Pittsburgh, Pennsylvania. I moved here three years ago looking at staying 10-20 years. So far, so good. We have a thriving tech community, a low cost of living, and low crime. Due to this being the steel making capital of the world 100 years ago, we have a lot of old and awesome cultural institutions much larger than would be expected of a city of this size, but houses cost next to nothing compared to larger cities. We're in the middle of a natural resources boom; we export quite a bit of energy. We sit at the junction of three rivers, and west of a mountain range; we rarely have droughts. Winters are reasonably mild. Summers are reasonably mild. There's an enormous education center here. Healthcare is great. And we certainly have jobs, as well. Take a look at Carnegie Mellon University, the University of Pittsburgh, the Software Engineering Institute, and the National Robotics Engineering Consortium; lists quite a bit more. Education, medicine, finance and software tend to be the dominant industries here, which are (not coincidentally) more recession-proof than most. Best small city I know.

Comment: This has come up before. (Score 1) 1165

by talldean (#40327503) Attached to: Blocking Gun Laws With Patents
The technology doesn't work. Five seconds win a nail file rendered it useless. 100 rounds at a practice range *also* render it useless. It simply does not work; it was proposed as a roundabout way of banning guns entirely. From the side, revolvers also don't leave casings at a crime scene. At best, it's going to alter gun sales, but not slow them.

Comment: Re:Green Card (Score 1) 357

Keeping up with your profession and keeping your skills recent doesn't take a whole lotta time; call it a five hour a week investment that's the difference between "having trouble finding work" and "can quickly find work in any major city in the world". If that's an hour a day after work, it's arguably a pretty good spend of an hour of time. On the managerial front, I've met very, very few managers who worked a 40-hour workweek; they're not doing managing outside the office, but they're certainly stuck *in* the office more than most. Or, for white collar jobs, the 40-hour workweek is often a myth; 45-50 seems the absolute norm in America.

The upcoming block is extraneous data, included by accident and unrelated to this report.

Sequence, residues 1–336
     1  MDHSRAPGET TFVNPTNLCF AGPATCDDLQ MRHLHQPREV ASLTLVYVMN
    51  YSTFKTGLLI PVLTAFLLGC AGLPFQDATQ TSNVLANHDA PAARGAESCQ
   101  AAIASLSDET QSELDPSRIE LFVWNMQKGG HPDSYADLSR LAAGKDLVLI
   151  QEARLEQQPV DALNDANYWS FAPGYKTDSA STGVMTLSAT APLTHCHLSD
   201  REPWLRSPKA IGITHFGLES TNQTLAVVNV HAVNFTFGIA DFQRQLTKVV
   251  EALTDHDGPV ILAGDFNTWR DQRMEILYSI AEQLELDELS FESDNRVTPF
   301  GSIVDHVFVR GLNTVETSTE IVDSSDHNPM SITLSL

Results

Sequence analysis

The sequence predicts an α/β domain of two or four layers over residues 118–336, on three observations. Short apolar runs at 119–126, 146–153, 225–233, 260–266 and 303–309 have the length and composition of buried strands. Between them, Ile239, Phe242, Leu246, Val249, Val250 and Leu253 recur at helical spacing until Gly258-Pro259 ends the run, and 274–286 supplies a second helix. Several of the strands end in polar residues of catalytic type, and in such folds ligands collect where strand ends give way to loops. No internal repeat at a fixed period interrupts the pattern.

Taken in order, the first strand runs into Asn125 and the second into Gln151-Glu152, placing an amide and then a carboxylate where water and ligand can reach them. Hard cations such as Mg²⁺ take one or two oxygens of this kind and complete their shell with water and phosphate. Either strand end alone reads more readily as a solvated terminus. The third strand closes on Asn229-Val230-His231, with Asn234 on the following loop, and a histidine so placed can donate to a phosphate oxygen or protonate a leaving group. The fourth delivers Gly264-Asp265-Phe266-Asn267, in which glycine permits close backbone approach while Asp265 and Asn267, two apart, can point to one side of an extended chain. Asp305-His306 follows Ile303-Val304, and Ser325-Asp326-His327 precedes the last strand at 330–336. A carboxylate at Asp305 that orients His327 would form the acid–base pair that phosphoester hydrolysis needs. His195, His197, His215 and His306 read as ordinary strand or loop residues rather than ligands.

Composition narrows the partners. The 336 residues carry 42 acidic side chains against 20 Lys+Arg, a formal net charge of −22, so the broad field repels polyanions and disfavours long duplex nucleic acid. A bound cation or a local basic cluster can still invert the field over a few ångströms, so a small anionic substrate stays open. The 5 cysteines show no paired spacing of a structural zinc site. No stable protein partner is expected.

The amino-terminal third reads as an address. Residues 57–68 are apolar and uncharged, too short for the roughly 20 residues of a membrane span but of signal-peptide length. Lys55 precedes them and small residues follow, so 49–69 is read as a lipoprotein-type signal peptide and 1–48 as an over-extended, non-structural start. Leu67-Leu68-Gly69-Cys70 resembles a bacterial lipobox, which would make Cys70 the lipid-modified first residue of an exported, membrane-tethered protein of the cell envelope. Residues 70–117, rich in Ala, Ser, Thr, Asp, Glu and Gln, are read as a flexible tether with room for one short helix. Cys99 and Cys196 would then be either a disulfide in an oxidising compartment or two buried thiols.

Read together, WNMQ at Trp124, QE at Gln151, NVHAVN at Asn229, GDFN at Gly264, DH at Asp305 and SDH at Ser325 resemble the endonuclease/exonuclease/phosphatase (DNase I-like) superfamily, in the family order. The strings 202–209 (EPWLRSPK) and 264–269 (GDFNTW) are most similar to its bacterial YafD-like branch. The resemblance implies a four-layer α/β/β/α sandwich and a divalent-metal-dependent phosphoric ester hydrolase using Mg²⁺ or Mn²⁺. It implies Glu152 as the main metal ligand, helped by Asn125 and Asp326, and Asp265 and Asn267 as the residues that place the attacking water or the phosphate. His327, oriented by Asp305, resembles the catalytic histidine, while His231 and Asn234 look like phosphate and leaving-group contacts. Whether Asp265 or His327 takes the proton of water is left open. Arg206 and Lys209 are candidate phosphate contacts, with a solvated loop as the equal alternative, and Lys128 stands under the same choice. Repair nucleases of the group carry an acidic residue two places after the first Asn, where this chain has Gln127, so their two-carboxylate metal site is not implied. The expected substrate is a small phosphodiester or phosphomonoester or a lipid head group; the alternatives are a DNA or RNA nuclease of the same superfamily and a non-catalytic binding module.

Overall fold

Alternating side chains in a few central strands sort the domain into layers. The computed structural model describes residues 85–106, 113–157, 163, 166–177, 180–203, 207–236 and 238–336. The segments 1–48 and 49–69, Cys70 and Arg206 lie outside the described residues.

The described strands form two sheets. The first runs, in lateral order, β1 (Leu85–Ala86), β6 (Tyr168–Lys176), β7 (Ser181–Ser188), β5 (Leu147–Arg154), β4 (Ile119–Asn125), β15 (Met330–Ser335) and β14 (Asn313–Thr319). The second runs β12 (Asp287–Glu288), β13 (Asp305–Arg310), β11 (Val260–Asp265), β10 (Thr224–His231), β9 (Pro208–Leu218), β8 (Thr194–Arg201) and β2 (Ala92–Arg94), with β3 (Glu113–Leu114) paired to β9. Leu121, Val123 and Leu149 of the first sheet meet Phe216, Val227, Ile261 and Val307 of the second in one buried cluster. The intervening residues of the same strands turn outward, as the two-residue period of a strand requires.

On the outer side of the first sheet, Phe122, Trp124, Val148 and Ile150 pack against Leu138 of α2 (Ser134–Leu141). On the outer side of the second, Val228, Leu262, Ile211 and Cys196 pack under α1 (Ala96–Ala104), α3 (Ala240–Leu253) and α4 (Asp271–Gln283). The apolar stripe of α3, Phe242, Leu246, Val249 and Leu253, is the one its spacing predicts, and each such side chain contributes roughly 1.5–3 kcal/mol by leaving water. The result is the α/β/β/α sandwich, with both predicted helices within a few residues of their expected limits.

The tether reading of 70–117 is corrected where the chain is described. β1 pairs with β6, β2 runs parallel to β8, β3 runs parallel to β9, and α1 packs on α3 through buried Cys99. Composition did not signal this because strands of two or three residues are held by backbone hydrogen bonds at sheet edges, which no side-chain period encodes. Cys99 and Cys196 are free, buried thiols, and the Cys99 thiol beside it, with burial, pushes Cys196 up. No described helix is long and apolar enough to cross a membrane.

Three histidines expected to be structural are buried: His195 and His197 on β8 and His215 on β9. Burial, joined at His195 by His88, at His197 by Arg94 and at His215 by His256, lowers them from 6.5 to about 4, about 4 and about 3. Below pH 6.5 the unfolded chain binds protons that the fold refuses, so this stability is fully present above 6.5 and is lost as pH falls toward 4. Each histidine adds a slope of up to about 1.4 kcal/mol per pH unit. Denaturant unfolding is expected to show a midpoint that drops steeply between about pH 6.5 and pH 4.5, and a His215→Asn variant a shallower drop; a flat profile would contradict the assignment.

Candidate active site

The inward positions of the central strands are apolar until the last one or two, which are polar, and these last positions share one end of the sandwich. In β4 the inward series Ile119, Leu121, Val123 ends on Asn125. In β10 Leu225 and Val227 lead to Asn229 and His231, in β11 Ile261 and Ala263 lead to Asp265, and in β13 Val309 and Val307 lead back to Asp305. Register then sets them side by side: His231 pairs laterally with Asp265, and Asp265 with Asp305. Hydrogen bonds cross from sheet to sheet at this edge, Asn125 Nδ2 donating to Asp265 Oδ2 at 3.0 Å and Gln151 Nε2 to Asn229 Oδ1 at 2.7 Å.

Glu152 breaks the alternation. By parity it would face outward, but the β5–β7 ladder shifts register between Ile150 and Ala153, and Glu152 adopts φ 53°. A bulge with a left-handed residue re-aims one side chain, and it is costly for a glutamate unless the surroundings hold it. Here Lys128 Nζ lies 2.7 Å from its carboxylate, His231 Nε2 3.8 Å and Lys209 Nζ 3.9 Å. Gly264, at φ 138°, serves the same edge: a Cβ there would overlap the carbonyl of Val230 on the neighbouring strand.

Comment: Re:Green Card (Score 1) 357

I assumed you were talking about "glut of unemployed factory workers". My bad. Where is there a glut of unemployed software engineers? To be fair, "years of language X" isn't a great sign; "years of languages X, Y, and Z, with nonprofessional experience in A, B and C" is *much* more likely to find work.

Comment: Re:Green Card (Score 1) 357

The glut of people have the wrong skills, and can't always be retrained, and certainly can't finish training now. H1-B visas don't go to unskilled laborers; the temporary visas go to people who have the skills we need, and have them now, and are likely to gain *more* skills in the future.

Comment: Re:With unemployment where it is at, send them hom (Score 1) 357

Junk degrees in college are an issue here, and they aren't helping much of anyone. College loans are available to all, but they're not quite enough to pay for a top-tier engineering school. College loans are available to all, but they subsidize comparative medieval literature majors just the same as electrical engineers. We need more of certain professions, but we aren't actively helping people go into those professions any more than a random pick on a dartboard. We also explain to high school students "you can do anything!", when in the real world, some careers are *enormously* harder to pursue than others.

Comment: Green Card (Score 1) 357

Temporary, no. Permanent, yes. We should be stapling green cards to every engineering degree with a 3.0 average granted by an accredited US university. We don't have enough highly skilled folks to fill these jobs, and these jobs are leaving and not coming back. If a company in America wants to hire you to do work for more than the average *household* income in America, and it's not a profession with a lack of job openings, we should be doing our best to convince you to become a permanent citizen. Average household income is under $50k, FWIW.

Comment: Re:The premise seems failed. (Score 1) 828

by talldean (#40186575) Attached to: Venezuela Bans the Commercial Sale of Firearms and Ammunition
Gun control can be about control, but often, is about a kneejerk reaction to something people just aren't familiar with. I grew up (in America) in a fairly rural area. Long guns were commonplace. Pistols were a bit odd, but not a problem. I moved to a large city, and guns are viewed as a completely different thing there, some for good reasons, some not for good reasons. Dunno. Much like most problems, it's an issue of communication and spin, and not an actual issue. Much like most problems in America, I'd blame the media.

"Mr. Watson, come here, I want you." -- Alexander Graham Bell